[Originally posted on advocace.com on May 20, 2019 and repurposed for dickerson-bakker.com.]

Let’s say you’re a new Development Director. The Executive Director of the Board says you must raise $150,000 in your first year. That amount will cover the cost of bringing you on and will give the ministry a good return on investment.

“Wow!” you might think. “It’s a little intimidating, but also exciting.” You imagine meeting that goal and all the good it would do for your place on the team and for the organization’s mission. You are focused and ready to get started.

In the beginning you make a lot of calls, but don’t get many answers. In the first few days you have called fifteen people a day, and so far, have had only one answer. Unfortunately, that person was not interested in meeting with you.

Feeling Pressure of Fundraising

Excitement without initial success quickly turns into pressure, and you don’t know who to talk to about how you are feeling. You consider talking to your boss, but you don’t want to lose your job. You try for a few more days, but feel yourself starting to withdraw, finding reasons to not pick up the phone.

This goes on for a while. The pressure is mounting. You haven’t come close to raising the funds, and you don’t know what to do next.

Can you relate to this scenario? Listen, if there hasn’t been a lot of major donor work at your ministry, it will be hard to move forward. That doesn’t mean it will be impossible. And it doesn’t mean you should quit!

Do you think Satan wants you to win? No! Of course, not. Satan realizes the ministry you are working to fund is powerful and good – and he wants it to fail. He wants you to fail. He wants your confidence to wane, and he wants to sideline you.

He also delights in keeping people from joining together, giving generously, and accomplishing a goal.

Remembering the Basics of Fundraising

If you are feeling this way at all, don’t let the pressure of fundraising cripple you. Please take a breath. Let’s go back and consider a few basic things about fundraising:

  1. Decide to never give up. Great development people decide to never give up on someone. They are always thinking of new ways to reach out and new ways to love. Don’t give up on a prospect unless their passion for giving is different than your mission.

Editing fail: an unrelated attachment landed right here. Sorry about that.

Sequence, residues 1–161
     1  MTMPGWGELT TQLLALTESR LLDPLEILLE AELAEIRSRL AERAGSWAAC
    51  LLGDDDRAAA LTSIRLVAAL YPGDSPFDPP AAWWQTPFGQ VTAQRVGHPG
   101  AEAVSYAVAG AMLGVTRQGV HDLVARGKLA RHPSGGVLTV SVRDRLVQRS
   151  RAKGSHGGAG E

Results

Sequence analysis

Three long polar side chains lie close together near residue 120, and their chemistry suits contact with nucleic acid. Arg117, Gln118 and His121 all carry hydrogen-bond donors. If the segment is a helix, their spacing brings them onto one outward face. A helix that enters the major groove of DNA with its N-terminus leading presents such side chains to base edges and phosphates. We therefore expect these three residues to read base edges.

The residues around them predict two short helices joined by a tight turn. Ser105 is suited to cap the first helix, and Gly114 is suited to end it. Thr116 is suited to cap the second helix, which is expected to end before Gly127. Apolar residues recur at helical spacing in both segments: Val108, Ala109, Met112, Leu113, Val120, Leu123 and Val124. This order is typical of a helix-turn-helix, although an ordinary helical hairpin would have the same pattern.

2. Set up a simple accountability system. When I start to work with a client, I always ask an initial series of questions. So often, I will learn no one in that ministry is tracking development work. I cannot emphasize enough how important it is that you monitor and share the work you do. Please call me if you need help setting up an accountability system.
  3. Stop worrying about raising funds. Remember, your job is to plant seeds and ask. It is not your job to worry about the outcome. God raises the money. The Holy Spirit will prompt someone to give or not give. Always measure development work by the asks, not the dollars raised. Remember, it is critical and Biblical to ask. And, when you shift your attention to the ask instead of the dollars you need to raise, there are now things you can change, learn and work on.
  4. Pray. Prayer is an essential part of development work. Since it is God’s responsibility to raise funds (not yours) wouldn’t it make sense to bathe each day, and each ask, in prayer?
  5. Find a coach. Everyone needs a coach to help navigate the hard times and overcome obstacles we all face in development. We would love to help you. (You can set up a free consultation here >>)

I believe fundraising is a very noble calling. Please don’t let the pressure of fundraising cripple you. Make the ask and then rest. Ultimately, it is God’s responsibility to raise the funds. Press on friend, the best is yet to come.